BLITZER: ... in the Muslim or the Arab world for that matter call these suicide bombers martyrs?
JUDEH: I'm not in a position to comment on what people say. Well, our position in Jordan is very, very clear, and people who target innocent citizens, who kill and murder children, are murderers. And we've always maintained that.
I don't think you can look at everybody with the same yardstick. I mean there are people who have their own views. You don't necessarily have to agree with them. We certainly don't agree with that. But I think what we do in Jordan is -- in terms of action rather than words.
Look at the Amman message, for example, that His Majesty King Abdullah II initiated a few years ago which explains the true spirit of Islam and which explains that dialogue and civil relations between people is what should govern relations between nations, and cultures and civilization, not violence.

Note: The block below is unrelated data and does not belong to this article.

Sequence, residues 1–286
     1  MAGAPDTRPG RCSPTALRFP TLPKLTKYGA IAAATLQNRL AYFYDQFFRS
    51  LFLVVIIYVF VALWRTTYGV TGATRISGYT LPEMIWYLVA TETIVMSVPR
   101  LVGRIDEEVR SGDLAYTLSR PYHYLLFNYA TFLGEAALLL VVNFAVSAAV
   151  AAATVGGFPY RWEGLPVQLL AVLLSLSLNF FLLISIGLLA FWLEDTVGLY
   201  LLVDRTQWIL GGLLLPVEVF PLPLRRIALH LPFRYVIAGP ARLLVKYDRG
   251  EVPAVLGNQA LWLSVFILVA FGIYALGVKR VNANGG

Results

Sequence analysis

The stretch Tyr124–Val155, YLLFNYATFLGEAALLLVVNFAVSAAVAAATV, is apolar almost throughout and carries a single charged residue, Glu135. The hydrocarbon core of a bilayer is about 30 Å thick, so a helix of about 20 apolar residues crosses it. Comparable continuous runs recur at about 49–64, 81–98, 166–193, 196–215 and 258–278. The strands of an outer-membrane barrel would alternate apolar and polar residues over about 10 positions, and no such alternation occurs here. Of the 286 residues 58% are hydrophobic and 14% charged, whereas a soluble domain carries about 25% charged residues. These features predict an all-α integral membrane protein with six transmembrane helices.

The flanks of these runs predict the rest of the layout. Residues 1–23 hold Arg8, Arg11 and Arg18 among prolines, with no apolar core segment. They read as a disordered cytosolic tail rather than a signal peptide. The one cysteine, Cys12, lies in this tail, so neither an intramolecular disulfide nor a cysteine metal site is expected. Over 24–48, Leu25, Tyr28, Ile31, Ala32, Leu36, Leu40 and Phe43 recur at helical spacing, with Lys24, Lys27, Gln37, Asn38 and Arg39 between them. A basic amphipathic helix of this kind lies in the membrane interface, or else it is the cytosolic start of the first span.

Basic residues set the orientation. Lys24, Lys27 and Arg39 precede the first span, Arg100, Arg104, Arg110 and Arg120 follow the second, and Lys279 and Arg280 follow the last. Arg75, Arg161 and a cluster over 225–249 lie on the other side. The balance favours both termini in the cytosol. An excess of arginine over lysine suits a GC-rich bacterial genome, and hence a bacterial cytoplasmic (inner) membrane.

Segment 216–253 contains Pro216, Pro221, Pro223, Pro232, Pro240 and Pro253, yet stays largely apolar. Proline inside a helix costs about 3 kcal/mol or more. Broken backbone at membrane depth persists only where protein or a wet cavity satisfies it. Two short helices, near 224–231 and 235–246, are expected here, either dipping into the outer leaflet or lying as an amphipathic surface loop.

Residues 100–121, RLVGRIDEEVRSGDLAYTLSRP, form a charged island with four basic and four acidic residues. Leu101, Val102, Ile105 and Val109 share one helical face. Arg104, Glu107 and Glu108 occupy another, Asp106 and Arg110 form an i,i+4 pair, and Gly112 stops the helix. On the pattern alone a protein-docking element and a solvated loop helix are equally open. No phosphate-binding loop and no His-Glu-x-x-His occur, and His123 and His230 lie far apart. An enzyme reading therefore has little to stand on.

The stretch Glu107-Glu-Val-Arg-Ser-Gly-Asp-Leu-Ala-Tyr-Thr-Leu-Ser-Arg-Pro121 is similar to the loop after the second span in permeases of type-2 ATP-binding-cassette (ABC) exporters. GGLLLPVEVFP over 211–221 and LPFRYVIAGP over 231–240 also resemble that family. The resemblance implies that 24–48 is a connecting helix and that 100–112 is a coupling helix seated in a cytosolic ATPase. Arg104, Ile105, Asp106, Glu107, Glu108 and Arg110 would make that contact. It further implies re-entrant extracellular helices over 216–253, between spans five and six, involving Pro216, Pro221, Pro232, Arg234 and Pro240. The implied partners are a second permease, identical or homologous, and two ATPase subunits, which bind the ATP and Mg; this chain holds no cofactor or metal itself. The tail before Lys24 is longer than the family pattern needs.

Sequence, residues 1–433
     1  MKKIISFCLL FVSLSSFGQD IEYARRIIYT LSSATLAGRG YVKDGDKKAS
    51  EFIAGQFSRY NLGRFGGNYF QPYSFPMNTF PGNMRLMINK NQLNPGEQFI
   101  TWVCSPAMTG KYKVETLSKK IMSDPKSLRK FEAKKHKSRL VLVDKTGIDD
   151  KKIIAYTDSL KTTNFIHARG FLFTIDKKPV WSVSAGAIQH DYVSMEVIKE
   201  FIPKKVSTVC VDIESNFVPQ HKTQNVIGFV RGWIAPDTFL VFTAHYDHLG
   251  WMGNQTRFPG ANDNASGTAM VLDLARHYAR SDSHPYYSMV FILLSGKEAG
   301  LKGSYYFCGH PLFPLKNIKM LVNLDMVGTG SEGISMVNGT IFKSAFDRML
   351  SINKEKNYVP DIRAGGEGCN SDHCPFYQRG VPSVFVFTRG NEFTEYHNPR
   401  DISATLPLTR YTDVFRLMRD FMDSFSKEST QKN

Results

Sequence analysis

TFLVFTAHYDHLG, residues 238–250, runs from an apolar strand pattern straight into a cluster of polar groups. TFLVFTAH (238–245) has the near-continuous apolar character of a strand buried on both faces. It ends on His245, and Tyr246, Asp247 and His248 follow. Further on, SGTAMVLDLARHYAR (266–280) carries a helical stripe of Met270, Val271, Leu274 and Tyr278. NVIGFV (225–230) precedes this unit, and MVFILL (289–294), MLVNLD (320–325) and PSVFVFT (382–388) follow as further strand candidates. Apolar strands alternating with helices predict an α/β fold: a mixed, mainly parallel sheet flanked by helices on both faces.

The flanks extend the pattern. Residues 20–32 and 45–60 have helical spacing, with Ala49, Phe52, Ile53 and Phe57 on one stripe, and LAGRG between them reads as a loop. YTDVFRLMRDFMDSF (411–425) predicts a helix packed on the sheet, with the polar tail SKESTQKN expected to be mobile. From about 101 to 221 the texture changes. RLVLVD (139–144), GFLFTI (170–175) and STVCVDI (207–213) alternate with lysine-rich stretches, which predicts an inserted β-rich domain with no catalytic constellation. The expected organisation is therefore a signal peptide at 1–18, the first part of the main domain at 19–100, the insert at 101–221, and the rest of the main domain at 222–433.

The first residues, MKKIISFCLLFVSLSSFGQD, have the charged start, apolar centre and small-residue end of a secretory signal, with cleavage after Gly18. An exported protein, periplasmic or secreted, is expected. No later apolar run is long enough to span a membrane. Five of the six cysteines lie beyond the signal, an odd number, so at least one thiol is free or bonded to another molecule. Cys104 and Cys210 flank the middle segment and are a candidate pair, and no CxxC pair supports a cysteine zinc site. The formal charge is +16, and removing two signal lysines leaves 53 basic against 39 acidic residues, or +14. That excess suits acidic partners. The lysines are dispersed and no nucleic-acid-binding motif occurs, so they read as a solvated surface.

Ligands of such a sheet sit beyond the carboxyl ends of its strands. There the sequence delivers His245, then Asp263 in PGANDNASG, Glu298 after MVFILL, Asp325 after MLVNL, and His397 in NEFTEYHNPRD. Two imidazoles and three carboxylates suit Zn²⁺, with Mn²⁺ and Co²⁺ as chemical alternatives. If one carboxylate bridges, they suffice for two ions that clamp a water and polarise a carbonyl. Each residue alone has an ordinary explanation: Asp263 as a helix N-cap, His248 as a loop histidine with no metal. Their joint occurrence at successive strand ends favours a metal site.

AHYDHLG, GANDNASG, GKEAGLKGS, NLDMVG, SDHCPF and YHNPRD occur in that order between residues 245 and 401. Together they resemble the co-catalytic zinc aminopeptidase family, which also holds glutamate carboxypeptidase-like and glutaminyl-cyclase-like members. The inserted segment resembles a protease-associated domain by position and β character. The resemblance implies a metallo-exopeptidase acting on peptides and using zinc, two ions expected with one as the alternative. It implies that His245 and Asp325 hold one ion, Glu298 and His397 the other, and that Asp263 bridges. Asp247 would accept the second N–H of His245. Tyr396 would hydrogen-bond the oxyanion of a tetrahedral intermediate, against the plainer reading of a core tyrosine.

BLITZER: Based on what you heard from the secretary of state, from George Mitchell, the special U.S./Middle East envoy, while here in Washington, is this Israeli/Palestinian peace process going to get started once again anytime soon?
JUDEH: I'll get to that in three seconds, if I may, but let me just go back to Afghanistan and the war on terror. You know that Jordan is present in Afghanistan and has been present right from the beginning. We have humanitarian operations there, we have logistical operations, and of course we have operations that target terror and terrorism, because we have been a target of that, and we like to prevent that.
And our presence in Afghanistan will not only continue, but it will be enhanced and increased. And this is, again, as a collective effort with all the countries that are fighting terror and terrorism, but also to pursue our own national interests and to protect our citizens and our land.